Two days ago, Google announced the Google Chrome OS (Operating System) project.
Google Chrome OS can be seen as Linux with a special window manager to only allow one application: the Google Chrome web browser. In essence, a computer running Google Chrome OS will only have one application, a web browser. This means that the user will only use web-based applications presumably (but not forcibly) from Google (e.g. Gmail, Google Docs, etc.)
Google will initially launch this OS on netbooks (those ultra small laptops with small screens.) Netbooks account for only a few % of the market and most people use them for browsing only so this seems a sensible strategy (it would have been stupid to launch the OS on full-fledged PCs as people would have immediately requested for “Photoshop on the web”.)
Our friend, Fake Steve, is adamant that building Google Chrome OS is not a good stategy for Google. In my opinion, he is correct when he questions the business logic of Google. You see, Chrome OS is going to be free (like most Linux distributions), has one good browser (like most Linux distributions), with good support for Google apps (like most Linux distribuions) but is going to be costly to build for Google (unlike most Linux distributions which exist already.) So why build yet another Linux distribution (which is what Google Chrome OS is in essence…) Why don’t Google use something which exists already?
What do you think?
It is a good strategy … MS is seriously considering to scrap Windows and develop Midori: http://news.softpedia.com/news/Life-After-Windows-Microsoft-Midori-Operating-System-88910.shtml … cloud computing is the future
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Le but de google et de faire un terminal web qui va correspondre à 70% des besoins des utilisateurs. C’est un excellent moyen de banaliser l’usage de l’informatique.
Linux quoi qu’on en dise peut être extrêmement compliqué, si Googls OS simplifie à l’usage unique d’un browser comme j’ai pu lire … trop facile, même mon grand-père va s’y mettre, de plus Google à déjà tout via web2.0, chat/mail/video/document/recherche/image/…. que demander de plus.
Aujourd’hui tout le monde à un téléphone portable (comment a-t-on pu vivre avant), demain TOUT le monde aura un ordinateur, et si Google contrôle … les publicitaires vont être de généreux contributeurs.
Ce n’est pas une réel concurrence car le but final n’est surement pas le même.
En tout cas, cela pousse les autres acteurs informatiques à innover encore plus. A tous les Geeks: sortez vos claviers !
Je suis d’accord. Google Chrome OS (qui est du vapourware pour l’instant…) va forcer tout le monde à innover.
Ce qui est quand meme cool est que la plupart des acteurs bougent vers Unix et/ou Linux (Android, Chrome OS, Palm Pre, iPhone, etc.) ce qui veut dire qu’on a gagné 🙂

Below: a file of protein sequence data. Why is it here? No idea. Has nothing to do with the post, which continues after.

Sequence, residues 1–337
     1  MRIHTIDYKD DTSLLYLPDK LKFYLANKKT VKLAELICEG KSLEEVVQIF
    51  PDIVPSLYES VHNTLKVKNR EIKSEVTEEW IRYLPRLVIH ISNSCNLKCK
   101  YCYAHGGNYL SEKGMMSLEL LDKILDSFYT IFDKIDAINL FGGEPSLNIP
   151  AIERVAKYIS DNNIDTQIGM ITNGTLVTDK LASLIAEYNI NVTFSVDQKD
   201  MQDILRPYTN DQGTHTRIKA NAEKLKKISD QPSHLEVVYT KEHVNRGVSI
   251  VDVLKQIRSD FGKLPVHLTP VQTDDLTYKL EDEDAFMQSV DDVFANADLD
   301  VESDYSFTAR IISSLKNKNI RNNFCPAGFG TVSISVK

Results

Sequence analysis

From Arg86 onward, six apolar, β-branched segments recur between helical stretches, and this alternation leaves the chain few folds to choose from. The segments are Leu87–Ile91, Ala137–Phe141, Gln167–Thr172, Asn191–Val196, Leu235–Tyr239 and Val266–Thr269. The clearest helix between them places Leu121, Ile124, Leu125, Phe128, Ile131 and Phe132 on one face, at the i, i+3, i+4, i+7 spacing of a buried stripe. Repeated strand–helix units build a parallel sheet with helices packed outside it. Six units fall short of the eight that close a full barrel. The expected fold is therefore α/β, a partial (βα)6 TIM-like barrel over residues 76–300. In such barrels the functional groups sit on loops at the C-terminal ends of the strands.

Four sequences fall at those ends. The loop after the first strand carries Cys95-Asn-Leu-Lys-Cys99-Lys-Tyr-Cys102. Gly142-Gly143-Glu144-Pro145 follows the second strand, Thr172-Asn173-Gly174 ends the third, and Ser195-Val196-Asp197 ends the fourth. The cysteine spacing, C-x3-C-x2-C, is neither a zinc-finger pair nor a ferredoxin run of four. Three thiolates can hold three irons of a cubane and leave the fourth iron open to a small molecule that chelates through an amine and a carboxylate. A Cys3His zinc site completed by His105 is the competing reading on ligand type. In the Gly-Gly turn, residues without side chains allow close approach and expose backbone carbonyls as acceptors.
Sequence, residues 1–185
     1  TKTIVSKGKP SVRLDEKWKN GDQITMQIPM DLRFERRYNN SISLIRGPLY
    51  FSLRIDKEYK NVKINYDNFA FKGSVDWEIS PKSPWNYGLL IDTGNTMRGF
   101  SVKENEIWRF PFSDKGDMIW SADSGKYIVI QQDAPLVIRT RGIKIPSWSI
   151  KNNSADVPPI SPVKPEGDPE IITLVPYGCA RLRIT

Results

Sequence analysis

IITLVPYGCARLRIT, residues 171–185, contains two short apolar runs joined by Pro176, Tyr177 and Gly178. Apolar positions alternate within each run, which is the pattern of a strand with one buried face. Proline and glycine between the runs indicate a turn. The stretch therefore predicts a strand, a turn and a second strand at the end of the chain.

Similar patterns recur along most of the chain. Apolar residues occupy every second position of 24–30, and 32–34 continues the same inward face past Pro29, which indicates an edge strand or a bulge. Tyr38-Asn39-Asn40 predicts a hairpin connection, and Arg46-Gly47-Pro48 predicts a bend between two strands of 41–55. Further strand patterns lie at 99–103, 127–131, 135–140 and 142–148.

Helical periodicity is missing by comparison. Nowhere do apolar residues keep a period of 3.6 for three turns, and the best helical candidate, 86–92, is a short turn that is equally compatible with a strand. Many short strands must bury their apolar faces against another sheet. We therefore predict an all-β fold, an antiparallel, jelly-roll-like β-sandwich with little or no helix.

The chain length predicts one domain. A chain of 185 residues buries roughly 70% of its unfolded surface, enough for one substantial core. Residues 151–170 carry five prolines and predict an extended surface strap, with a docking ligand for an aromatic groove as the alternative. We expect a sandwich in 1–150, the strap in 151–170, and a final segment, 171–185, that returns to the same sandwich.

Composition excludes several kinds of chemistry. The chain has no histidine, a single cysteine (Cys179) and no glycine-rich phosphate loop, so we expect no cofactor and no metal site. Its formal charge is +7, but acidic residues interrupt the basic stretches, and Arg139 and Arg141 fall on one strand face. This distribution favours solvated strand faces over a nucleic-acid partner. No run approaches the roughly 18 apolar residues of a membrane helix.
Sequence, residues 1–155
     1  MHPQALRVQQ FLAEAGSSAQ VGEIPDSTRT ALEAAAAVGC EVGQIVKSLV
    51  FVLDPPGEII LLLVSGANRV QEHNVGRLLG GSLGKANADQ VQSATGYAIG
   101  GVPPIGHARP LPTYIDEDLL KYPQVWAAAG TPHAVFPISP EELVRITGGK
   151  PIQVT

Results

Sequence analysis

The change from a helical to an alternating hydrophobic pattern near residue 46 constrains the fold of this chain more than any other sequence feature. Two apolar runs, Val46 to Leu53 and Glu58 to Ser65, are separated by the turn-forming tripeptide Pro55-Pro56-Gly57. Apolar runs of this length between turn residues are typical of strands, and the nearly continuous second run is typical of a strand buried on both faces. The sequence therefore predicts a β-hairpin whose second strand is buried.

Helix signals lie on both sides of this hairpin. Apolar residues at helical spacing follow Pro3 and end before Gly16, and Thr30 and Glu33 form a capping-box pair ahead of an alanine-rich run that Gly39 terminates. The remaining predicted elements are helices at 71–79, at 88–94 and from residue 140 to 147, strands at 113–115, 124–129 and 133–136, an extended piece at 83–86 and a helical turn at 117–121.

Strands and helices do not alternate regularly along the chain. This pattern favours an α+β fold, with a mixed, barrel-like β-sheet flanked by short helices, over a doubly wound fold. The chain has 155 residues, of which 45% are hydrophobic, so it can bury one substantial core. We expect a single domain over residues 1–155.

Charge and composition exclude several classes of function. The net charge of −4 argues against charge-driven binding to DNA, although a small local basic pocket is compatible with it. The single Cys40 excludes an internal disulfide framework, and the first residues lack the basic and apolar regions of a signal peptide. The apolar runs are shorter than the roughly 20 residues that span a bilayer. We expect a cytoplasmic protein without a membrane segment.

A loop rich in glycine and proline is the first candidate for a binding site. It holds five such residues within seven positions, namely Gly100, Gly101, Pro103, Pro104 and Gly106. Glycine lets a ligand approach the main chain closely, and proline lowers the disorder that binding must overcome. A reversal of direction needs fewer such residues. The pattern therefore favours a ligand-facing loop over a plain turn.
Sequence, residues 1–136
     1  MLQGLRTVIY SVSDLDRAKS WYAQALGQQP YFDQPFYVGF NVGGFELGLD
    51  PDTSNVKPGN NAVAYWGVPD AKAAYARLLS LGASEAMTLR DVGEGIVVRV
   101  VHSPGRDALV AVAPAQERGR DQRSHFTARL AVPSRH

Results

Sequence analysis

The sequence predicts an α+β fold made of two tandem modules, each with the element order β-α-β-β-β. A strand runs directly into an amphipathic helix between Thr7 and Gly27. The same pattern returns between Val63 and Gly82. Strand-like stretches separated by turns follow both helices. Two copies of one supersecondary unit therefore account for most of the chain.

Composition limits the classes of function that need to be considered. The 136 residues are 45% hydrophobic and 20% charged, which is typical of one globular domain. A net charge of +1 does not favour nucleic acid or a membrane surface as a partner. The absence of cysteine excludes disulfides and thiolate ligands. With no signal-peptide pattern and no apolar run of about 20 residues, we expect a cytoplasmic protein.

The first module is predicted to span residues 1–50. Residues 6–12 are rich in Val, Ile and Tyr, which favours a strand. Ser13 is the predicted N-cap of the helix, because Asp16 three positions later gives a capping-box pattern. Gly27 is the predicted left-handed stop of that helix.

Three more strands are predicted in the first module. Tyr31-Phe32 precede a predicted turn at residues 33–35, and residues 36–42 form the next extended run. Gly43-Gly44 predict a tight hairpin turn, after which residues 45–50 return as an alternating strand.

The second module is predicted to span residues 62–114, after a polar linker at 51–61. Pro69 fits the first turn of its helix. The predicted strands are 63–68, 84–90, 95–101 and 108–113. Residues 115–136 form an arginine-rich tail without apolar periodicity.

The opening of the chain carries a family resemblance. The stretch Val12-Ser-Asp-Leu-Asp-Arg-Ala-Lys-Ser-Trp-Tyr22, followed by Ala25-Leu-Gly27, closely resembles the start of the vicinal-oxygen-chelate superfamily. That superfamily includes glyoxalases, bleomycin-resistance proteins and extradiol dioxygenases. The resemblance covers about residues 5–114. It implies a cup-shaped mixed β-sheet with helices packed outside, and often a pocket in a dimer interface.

Agreed!!!It’s a pain to develop an OS which has only a browser as APP. It’s expensive in terms of time and other resources. Having Chrome OS on mobile devices(HTC/etc..) would have been interesting and worth the efforts (I think). Google will then be able to promote it’s name and products on the world market..
Well I started reading fake Steve’s article but gave up after point 2 as I thought he was just ranting rather than trying to be objective.
Google is not the only company at it… check these guys out – http://www.jolicloud.com/
Google’s plan is simple. It just wants to get rid of Microsoft and the biggest blow to MS would be if there was a company out there that could give them a run for their money on the desktop side. Admittedly, Apple has a better desktop OS but its not very affordable.
A netbook with Google OS will cost around $60 less than one with Windows on. If we use Jolicloud as an example of how applications can be installed very quickly and we don’t have to pay for anti-virus, anti-spyware and anti-anything-else-you-want, then that could save you another $60. I’m sure that Google will optimise the OS to work very well with various Internet protocols to give the user a better experience as well. Re-write the TCP stack like Sun did on their Open Solaris OS and improve performance of data throughput.
End result – you save $120 on a netbook by not having to pay for the OS and security software as well as another $100 for not buying MS Office. You also end up with a machine that boots faster and performs better. You have to remember that the average computer user doesn’t know about free OS or free anti-virus software or open office, but if everything was on their netbook at the time of purchase, then they would use them as they are saving money.
Cloud computing has a few security issues at the moment but most of those should be resolved over the coming year or two. Using the netbook offline and having data stored/accessible offline is also crucial. Although downtime at Salesforce.com and Google Apps made headlines, I’m sure that people have had equal amount of downtime rebooting their PCs when Excel or IE crashed on them.
You’re right. Whoever comes up with a cheap do-it-all device which runs on the cloud will win 🙂